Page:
Interning at XYZ recording studio

Goal-Destroying

Practicing scales 8 hours everyday

Jamming (aimlessly) with so-and-so “to be nice”

Reading redundant “how to” articles

Dicking around on Facebook

Complaining

3. Eliminate.

When you finish writing, look over your goal-destroying list and eliminate or reduce these activities as much as possible. For jobs and other obligations that may not directly support your ambitions but are necessary for your food & shelter needs, let them stand (unless you can do better).

You might be surprised to find your goal-destroying list is longer than your goal-supporting list. This is to put things in perspective for you. How much time are you really putting into your aspirations?

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Once I started trimming the fat off my personal and professional responsibilities, my actions began to align with my goals. The result? I progressed much faster and became more efficient with my time.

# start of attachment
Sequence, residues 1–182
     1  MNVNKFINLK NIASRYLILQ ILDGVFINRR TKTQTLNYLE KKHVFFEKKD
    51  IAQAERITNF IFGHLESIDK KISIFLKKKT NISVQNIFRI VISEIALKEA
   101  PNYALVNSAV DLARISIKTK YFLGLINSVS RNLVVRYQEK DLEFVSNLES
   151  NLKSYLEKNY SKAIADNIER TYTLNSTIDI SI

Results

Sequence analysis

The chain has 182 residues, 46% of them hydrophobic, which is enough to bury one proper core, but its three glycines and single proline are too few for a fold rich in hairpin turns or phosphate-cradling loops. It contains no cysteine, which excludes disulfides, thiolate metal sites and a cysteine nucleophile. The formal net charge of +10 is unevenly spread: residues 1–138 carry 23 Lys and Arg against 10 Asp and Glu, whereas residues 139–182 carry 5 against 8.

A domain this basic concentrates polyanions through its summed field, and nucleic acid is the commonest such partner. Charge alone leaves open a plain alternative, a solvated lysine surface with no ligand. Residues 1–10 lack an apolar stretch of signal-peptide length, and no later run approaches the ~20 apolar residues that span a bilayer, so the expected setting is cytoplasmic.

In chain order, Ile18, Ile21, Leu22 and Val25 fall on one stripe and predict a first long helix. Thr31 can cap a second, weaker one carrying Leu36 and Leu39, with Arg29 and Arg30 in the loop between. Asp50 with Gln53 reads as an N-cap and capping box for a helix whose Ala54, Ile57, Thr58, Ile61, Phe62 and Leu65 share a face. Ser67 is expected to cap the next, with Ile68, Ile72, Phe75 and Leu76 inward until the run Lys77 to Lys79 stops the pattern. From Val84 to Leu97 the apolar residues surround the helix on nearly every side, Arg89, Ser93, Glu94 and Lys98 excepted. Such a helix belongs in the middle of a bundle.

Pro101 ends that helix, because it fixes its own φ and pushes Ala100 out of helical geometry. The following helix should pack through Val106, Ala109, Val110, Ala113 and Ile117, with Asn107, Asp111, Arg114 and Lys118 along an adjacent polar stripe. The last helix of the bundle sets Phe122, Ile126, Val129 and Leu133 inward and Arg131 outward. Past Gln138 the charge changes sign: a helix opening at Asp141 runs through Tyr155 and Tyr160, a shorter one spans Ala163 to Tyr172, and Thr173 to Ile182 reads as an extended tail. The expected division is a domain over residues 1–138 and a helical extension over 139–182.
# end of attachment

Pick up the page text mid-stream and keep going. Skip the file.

I know what it’s like to pour all your energy into one thing…even if that one thing is just a freakin’ sixteenth note. It’s fun to woodshed for hours. You’ll probably learn something too (bring a flashlight cuz it gets dark PDQ).

Lesson                                                                                                                                If you wanna hit the shed, cool, but one thing: don’t forget how beautiful it is outside.

Earlier, hashed-out version of my transcription